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La Scena Musicale - Vol. 13, No. 9

Jean-François Lapointe From Europe and Back

by Wah Keung Chan / June 4, 2008

Version française...

Canadian baritone Jean-François Lapointe is on a mission. Under his somewhat soft-spoken exterior is an artist passionate about protecting (in French he uses the verb défendre often) his artistic culture. After over 20 years ascending European operatic stages, as his career is evolving to heavier roles, Lapointe is also looking to bringing his experience back to Canada.

Beginnings and competitions

From the beginning Lapointe was destined to become a musician. Born in Hébertville in Lac St-Jean, Lapointe grew up in Chicoutimi studying piano and violin at age 6. His father was an excellent amateur singer and Lapointe began singing with him in church and later also accompanied him at the piano. At 10, he started singing and conducting lessons. Like most young musicians, Lapointe entered the Canadian Music Competitions; the difference was that he entered not just for experience but to win. At age 16, he won the 18-20-age category, and it came as a validation. The next year, he won the 20-22-age category and at 18, he won the 22-24-age category. This determined attitude carried him through his successful auditions. Lapointe made his debut at 16 singing with the Chicoutimi Symphony Orchestra, and he continued his studies at Laval University completing a master’s degree with the venerable Louise André.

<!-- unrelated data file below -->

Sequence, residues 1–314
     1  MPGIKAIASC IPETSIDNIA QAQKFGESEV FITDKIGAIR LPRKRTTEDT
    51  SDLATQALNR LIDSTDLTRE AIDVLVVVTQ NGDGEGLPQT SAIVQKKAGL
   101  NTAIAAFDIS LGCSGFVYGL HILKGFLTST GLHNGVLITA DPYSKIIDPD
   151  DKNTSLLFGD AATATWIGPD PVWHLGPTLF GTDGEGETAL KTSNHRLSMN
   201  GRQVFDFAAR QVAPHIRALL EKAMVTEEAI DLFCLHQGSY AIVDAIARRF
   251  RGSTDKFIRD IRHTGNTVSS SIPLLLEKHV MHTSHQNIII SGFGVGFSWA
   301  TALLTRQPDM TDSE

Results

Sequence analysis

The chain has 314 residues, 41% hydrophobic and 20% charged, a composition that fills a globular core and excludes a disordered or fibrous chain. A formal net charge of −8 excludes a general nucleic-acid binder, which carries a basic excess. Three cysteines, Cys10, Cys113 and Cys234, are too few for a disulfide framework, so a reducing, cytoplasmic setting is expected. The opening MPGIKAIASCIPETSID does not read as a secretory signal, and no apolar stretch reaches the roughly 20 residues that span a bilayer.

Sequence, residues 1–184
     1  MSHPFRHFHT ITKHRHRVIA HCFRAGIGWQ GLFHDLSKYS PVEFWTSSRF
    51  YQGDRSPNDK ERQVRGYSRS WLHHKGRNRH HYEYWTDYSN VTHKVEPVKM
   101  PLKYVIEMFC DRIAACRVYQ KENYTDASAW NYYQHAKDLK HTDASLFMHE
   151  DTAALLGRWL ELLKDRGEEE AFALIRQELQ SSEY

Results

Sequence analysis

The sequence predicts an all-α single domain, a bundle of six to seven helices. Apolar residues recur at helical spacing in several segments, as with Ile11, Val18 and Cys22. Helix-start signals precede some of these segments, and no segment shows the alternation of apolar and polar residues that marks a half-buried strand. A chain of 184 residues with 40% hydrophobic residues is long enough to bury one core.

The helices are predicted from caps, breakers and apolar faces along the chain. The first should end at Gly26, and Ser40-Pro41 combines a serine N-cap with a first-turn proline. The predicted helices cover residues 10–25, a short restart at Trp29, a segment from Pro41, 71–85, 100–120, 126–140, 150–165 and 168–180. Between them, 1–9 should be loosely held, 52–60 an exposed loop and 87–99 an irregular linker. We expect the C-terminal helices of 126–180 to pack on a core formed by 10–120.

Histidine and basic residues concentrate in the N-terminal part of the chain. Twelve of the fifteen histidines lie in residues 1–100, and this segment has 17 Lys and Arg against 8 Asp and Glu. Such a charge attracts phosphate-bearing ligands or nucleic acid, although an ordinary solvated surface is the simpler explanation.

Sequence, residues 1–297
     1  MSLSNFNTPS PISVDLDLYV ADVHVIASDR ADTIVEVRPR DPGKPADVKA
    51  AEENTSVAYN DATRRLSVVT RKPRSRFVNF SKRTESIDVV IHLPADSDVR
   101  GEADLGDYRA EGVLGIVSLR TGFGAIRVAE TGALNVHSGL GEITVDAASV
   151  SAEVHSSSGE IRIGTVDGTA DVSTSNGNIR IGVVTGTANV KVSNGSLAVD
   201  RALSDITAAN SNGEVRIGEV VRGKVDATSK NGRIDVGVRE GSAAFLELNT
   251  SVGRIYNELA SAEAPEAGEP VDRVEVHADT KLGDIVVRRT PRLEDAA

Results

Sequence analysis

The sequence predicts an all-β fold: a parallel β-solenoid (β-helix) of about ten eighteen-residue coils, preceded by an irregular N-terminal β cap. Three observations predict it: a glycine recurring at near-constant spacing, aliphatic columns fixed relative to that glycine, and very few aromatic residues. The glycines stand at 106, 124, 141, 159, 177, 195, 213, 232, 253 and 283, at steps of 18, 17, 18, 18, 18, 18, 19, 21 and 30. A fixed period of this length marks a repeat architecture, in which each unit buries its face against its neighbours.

A victory at the Paris International Singing Competition at age 22 helped launch Lapointe’s European career. At the same time, he started singing French operetta. Lapointe began lessons with the great singing teacher Martial Singher in Santa Barbara. “I studied with him the shortest time, but he had the most profound influence on me,” said Lapointe. At their first meeting, after singing Valentine’s aria “Avant de quitter ces lieux,” Singher told Lapointe that he was already a professional. Quite a shot in the arm, but Lapointe didn’t rest on his laurels. “Singher told me that I could gain 20% more projection by modifying my position and opening the chest cavity,” said Lapointe. “He taught me to be more refined and exact in the style; in the French style, he explained how to be natural.” There are many good singers, and Singher taught Lapointe how to reach the international level. “At this level, it’s not only about singing loud or projection,” he says, “but it’s to have a specialty, be unique, and have something that can be recognized immediately, in the timbre, in style, approach and the way of working. It’s to have an artist’s path. For instance, I don’t always like contemporary music, but I respect the creative and artistic approach.”

International Artist